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Published 27 March 2024
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Mortgage Rates Predicted to Fall After Inflation Drop

The base rate is forecasted to fall in the summer and there are hopes that mortgage rate cuts may be about to resume. Here are our latest mortgage rate predictions.

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UK mortgage rate forecast for April 2024

Experts are predicting that mortgage rates may start falling again following a larger-than-expected drop in inflation. The latest official data from the Office for National Statistics showed Consumer Prices Index (CPI) inflation fell to 3.4% in February, down from 4% a month earlier, and lower than the 3.5% that economists predicted. 

As a result, the financial markets and some commentators predict that the base rate will be cut in June. Failing that, many think that the current rate of 5.25% could be lowered at the following rate-setting meeting, in August. 

Either way, some lenders seem satisfied that a base rate cut is not too far away. On the same day the inflation figures were confirmed, one major lender, NatWest, announced that it would lower certain mortgage rates. Some mortgage brokers think that others will follow suit. 

“We have already seen some cuts,” Justin Moy, managing director of independent broker EHF Mortgages, told NerdWallet in an email. “Interestingly, buy-to-let rates have moved first, [and we’re] hoping that residential deals move before Easter. At the most important home-buying period, we have just seen a small green shoot of positivity that might just rescue the housing market this year. The sooner we move back to January’s rates, the better we will all feel.”

Fixed mortgage rates continued to rise

The resumption of rate reductions will come as a relief to prospective mortgage borrowers following six weeks when rate increases have been the norm. Since dropping to a recent low of 4.97% on 7 February, the average rate on two-year fixed-rate mortgages has climbed week-on-week to stand at 5.23% on 20 March. Rightmove data also shows the average rate on five-year fixed-rate mortgages has increased from 4.64% to 4.85% over the same timeframe. Our previous forecast had suggested more mortgage rate rises were likely in March

Despite the recent increases, the sizeable reductions made during the lender rate war in January mean typical rates for most borrowers are still lower than they were at the beginning of 2024. For comparison, the average two-year rate stood at 5.43% on 3 January, while the average five-year rate was at 5.02%. 

However, there is an exception. The one group for whom rates are currently higher compared with the start of the year are those who have a 5% deposit and are borrowing at 95% loan to value – typically first-time buyers. Here, the average rates on two-year fixed-rate mortgages have increased to 5.91%, up from 5.81% at the beginning of January, while equivalent five-year rates have risen to 5.48%, from 5.40%.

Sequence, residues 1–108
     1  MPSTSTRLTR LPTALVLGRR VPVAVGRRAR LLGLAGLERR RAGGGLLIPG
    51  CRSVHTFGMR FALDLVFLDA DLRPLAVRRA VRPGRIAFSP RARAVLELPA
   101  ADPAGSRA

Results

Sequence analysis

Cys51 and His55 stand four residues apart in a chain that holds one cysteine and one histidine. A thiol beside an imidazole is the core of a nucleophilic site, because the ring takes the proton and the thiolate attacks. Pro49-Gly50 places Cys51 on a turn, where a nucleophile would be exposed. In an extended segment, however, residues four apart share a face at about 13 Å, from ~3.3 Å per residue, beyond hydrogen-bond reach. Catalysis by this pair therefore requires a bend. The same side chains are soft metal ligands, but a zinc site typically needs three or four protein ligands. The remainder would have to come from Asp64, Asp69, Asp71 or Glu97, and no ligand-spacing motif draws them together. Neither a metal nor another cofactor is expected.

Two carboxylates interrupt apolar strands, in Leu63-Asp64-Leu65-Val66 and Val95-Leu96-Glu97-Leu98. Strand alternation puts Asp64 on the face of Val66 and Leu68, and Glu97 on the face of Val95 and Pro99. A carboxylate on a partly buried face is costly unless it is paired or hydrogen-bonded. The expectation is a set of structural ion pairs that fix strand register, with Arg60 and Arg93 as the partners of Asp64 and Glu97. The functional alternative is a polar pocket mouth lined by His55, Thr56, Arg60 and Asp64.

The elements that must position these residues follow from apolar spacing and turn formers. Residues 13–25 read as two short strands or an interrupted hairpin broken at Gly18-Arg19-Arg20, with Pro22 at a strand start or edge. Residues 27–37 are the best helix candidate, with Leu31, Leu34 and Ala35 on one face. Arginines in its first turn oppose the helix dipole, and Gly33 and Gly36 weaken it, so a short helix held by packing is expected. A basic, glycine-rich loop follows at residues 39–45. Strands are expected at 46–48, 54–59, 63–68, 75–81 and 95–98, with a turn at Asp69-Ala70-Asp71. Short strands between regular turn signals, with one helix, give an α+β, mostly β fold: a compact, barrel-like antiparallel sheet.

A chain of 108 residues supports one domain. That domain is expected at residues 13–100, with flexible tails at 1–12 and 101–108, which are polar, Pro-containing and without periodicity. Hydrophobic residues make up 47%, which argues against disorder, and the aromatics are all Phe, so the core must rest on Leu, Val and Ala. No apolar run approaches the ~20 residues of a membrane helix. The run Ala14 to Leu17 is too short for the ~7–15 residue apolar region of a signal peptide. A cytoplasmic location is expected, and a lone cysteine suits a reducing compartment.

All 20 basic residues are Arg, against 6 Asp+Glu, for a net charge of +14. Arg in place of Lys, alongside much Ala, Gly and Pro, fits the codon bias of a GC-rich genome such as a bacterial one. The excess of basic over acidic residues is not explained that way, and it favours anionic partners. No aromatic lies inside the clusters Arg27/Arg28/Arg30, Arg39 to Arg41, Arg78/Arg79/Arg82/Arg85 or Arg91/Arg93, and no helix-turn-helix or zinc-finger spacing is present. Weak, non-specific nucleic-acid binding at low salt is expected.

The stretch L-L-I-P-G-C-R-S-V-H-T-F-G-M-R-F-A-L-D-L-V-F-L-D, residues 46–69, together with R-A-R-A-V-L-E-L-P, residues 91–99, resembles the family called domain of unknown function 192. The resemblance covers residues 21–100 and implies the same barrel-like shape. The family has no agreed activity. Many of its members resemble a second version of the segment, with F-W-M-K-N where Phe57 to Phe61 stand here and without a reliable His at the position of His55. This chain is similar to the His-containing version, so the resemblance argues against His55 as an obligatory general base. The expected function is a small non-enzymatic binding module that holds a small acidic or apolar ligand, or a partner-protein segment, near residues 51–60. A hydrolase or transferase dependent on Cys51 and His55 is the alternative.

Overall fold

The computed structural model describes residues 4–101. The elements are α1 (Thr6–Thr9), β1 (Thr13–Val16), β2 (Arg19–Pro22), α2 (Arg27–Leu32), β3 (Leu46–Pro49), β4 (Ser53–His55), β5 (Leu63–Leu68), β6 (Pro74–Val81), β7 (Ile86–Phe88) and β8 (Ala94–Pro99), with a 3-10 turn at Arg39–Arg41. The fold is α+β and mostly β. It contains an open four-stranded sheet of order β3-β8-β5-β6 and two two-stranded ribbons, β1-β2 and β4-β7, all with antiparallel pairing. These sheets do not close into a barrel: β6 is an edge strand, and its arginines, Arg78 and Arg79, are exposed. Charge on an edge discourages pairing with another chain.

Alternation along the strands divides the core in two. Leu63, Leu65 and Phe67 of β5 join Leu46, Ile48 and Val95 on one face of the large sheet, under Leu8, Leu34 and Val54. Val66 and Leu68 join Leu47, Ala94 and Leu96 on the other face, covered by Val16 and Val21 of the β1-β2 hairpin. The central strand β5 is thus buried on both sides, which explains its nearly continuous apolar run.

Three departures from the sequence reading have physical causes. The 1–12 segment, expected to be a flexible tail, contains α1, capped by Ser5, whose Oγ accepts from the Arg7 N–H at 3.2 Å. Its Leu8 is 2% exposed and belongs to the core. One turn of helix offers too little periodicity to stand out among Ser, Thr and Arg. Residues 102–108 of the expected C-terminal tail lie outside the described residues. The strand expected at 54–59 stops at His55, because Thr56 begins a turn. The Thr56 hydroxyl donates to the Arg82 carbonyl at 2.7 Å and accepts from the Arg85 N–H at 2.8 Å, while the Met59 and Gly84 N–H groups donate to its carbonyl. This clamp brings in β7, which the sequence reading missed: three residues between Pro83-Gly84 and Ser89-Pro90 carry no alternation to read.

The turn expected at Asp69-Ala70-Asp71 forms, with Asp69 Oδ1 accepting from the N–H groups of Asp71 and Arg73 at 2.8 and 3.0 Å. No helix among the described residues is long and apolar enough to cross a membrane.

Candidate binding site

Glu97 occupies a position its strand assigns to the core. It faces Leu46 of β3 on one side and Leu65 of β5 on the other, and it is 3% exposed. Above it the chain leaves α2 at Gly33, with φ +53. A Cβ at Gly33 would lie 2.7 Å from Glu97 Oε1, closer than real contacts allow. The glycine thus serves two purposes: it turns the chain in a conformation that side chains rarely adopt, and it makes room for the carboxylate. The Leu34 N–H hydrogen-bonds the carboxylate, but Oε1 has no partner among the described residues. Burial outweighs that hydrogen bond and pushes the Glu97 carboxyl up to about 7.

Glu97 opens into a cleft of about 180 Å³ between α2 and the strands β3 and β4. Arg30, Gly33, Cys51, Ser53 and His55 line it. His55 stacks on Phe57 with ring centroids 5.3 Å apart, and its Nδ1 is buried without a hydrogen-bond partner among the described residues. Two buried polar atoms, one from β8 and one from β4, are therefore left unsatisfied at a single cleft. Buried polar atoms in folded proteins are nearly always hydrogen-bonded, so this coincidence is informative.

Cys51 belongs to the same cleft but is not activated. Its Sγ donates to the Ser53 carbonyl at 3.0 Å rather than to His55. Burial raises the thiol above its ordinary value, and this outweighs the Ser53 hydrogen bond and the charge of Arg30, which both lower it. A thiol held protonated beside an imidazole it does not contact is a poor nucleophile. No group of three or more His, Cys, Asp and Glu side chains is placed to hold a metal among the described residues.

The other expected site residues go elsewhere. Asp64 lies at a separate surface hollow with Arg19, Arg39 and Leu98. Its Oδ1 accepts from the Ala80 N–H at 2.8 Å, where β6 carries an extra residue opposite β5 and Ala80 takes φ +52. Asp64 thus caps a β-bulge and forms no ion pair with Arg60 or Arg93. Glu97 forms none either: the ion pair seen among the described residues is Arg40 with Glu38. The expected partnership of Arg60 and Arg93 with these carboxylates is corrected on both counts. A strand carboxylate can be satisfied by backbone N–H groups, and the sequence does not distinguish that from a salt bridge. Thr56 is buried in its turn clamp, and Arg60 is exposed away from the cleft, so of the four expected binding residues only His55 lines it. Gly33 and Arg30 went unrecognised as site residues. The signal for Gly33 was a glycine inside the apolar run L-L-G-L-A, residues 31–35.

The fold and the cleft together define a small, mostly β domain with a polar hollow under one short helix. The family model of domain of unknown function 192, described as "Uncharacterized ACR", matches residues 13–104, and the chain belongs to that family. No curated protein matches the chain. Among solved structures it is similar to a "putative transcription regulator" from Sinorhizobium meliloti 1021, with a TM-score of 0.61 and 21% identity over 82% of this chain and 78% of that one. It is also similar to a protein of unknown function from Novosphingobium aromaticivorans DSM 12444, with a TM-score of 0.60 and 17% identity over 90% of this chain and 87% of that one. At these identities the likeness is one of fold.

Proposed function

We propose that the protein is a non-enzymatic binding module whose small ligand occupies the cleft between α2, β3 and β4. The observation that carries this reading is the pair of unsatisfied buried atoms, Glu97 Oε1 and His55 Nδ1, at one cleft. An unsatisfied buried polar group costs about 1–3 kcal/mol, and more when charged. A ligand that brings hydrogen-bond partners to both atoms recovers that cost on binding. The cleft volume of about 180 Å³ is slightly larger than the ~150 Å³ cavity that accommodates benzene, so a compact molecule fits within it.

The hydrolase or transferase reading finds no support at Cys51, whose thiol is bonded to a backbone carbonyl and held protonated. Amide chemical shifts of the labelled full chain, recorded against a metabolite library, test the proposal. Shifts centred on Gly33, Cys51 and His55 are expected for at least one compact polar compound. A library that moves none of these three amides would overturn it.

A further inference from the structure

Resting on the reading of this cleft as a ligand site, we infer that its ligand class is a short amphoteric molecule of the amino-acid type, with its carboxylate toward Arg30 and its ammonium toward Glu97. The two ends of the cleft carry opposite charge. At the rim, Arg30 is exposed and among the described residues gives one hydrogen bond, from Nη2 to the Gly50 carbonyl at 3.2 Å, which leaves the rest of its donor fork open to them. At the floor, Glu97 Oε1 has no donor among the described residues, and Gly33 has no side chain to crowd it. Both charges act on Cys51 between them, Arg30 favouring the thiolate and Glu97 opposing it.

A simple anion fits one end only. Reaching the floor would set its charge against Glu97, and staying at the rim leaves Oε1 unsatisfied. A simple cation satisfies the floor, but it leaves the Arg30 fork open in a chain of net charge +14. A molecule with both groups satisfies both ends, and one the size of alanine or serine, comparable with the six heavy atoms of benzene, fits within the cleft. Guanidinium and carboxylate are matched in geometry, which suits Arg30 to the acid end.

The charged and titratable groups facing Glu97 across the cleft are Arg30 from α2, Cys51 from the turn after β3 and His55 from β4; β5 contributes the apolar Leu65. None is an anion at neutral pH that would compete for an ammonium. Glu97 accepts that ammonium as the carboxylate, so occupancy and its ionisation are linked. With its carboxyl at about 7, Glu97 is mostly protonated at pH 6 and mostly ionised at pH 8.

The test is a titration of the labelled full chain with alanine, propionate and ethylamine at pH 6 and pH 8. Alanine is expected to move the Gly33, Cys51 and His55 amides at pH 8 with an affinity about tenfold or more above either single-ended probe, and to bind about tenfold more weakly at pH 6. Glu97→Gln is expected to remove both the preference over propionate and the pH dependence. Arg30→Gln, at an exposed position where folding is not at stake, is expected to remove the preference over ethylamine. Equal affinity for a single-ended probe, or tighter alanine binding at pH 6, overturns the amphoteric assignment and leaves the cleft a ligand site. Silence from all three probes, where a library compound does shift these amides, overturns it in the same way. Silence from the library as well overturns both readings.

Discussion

Base rate cut could be nearing 

The latest inflation data had been revealed the day before the Bank of England made its latest base rate announcement on 21 March. As was widely expected, the rate remained unchanged at 5.25% for the fifth meeting in a row. It also means the base rate has remained at its 16-year high since last August. 

However, there was a change in the voting pattern of the committee members who decide rates – for the first time since September 2021, no one voted for the rate to increase.

This should not be seen as a definite sign that rates are imminently about to fall. Indeed, only one member voted for a cut, while eight voted for no change. The next rate-setting meeting is on 9 May, perhaps not allowing enough time for enough members to be convinced that a rate reduction is warranted. 

However, it isn’t difficult to find commentators who believe that the groundwork is being laid for rates to be cut on 20 June, or maybe at the following meeting on 1 August. 

In particular, some have noted a remark in the minutes of the rate-setting meeting stating that the committee recognises that “the stance of monetary policy could remain restrictive even if Bank Rate were to be reduced”. In other words, the bank feels there could be room for a rate cut, and for rates to remain sufficiently high to carry on pushing inflation down at the same time.  

“We’ve held rates again at 5.25% because we need to be sure that inflation will fall back to our 2% target and stay there,” Andrew Bailey, governor of the Bank of England, said in a statement shortly after the announcement. “We’re not yet at the point where we can cut interest rates, but things are moving in the right direction.”

Lower mortgage rates predicted

For borrowers considering taking out a fixed-rate mortgage, the hope must be that such sentiment provides lenders with the reassurance they need to start lowering rates again. 

For those with a tracker mortgage, or paying a standard variable rate, it seems the long wait for their rates to start to fall could soon be over. The question now is how far they may drop, and how fast. Some commentators believe that once the first base rate cut arrives, several more could quickly follow. Currently, Moy thinks it’s possible the base rate could end the year at 4.50%. 

“We should start to see rate reductions for both fixed deals and those linked to base rate over the next few months, given the positive words from Andrew Bailey framing the last [Monetary Policy Committee] announcement,” Moy said. “With inflation moving quickly to the 2% target, there is every indication the base rate will fall by up to 0.75 percentage points this year.”

Image source: Getty Images

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